Yet shouldn’t all the emphasis be on solutions?

        We know the past & current policies don’t work yet few are prepared to engage intelligently & be open to all points of view because most prefer to reject opposing views; most seem to favour the gratification of grandstanding/pointing the finger more than finding a solution.

        In the meantime, whilst everyone continues to argue & keep the finger of blame directed at anyone but themselves, Maori continue to be overrepresented in all the wrong statistics.

        Unlike Whyte I’m not suggesting we should get rid of the quota system etc, I think they have a place, but it needs to be in conjunction with other tools that generate the self worth & desire to achieve many of us take for granted. Tools I don’t think exist in current policy.

        But I bet they do in our NGOs – I wish our policies were more community led, driven by those volunteers working in our communities day in and day out.

        Their voices just seem to always get drowned out by the bickering.

        • Unsol, having read your comment to Kelly (on another page), I think you deserve better responses than is given to certain others who shall remain nameless (and please excuse any hint of patronising in this comment – it is not intentional).

          Re; quotas.

          If they exist (and I haven’t researched it), then it would be a sad thing for the likes of Whyte to be complaining about.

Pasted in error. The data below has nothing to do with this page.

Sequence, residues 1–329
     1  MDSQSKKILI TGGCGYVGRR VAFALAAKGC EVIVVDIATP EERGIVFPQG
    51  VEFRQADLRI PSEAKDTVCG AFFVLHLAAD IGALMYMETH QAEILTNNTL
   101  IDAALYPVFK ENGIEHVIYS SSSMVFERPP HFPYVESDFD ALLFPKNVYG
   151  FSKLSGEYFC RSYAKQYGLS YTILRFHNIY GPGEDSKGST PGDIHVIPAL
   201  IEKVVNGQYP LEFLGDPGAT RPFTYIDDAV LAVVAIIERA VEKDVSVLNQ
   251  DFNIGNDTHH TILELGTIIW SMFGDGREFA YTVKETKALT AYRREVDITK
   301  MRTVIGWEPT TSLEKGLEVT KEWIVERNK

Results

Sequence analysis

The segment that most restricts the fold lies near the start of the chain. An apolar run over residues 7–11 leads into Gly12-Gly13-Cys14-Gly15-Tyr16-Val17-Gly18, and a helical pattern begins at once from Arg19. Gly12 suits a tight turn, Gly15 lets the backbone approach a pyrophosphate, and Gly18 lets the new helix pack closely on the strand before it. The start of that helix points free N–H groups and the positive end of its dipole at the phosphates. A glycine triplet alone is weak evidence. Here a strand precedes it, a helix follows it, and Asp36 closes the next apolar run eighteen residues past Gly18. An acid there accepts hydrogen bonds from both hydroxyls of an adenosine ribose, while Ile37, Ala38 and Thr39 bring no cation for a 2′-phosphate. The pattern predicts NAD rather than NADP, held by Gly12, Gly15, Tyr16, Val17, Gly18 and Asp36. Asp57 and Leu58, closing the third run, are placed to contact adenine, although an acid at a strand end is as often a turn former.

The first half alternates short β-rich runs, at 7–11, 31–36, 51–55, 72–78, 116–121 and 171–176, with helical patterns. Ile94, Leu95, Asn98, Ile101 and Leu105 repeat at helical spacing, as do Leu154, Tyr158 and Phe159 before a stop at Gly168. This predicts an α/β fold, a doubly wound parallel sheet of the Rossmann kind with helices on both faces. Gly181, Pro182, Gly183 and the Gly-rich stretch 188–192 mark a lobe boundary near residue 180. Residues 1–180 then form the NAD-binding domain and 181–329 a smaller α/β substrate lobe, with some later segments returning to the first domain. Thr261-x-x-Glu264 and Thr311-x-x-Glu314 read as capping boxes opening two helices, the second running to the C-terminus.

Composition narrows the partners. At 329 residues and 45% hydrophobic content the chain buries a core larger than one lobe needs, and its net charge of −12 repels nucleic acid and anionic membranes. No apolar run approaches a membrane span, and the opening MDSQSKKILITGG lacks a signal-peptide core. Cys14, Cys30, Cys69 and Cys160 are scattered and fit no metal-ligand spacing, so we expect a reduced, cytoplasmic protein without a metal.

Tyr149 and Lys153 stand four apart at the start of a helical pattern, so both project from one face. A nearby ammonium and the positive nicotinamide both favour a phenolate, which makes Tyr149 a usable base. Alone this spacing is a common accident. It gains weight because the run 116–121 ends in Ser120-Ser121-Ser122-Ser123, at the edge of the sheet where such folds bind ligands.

In short, “quotas” (?) and Iwi scholarships are the “hand up – not hand out” that many on the Right espouse.

          Indeed, I could see such policies bridging the gap between Left and Right; a hand up (scholarships, and possible “quotas”) – coupled to encouraging those on the bottom of the socio-economic heap to better themselves.

          In return, we get;

          1. a fairer society,
          2. fewer people at the bottom of the scrapheap,
          3. more at the top,
          4. more productive members of society,
          5. less wasted human potential,
          6. higher-bracket tax-payers.

          Honestly, I can’t see any downside to this.

          What’s the worst that can happen? That everyone is highly educated and contributing to society/economy?

          Sounds like a plan to me.

          Crikey, if it worked, what would I have left to blog about? 😀

        • Actually there are not a multitude of taxpayer funded scholarships. Almost all scholarships are funded directly or indirectly from Maori Trusts and other sources such as unclaimed monies from Maori lands. E.g. in the Health Sector:

          Tuwharetoa Maori Trust Board Scholarship
          Te Runanga o Toa Rangatira Education Grant

          Other scholarships such as New Zealand Medical Women’s Association Elective Scholarship are small and exclusive, funding only 1 position and is likely to be given to the top Maori candidate, who would have got into the course anyway. Furthermore, these are not Government Scholarships, they are largely private funds.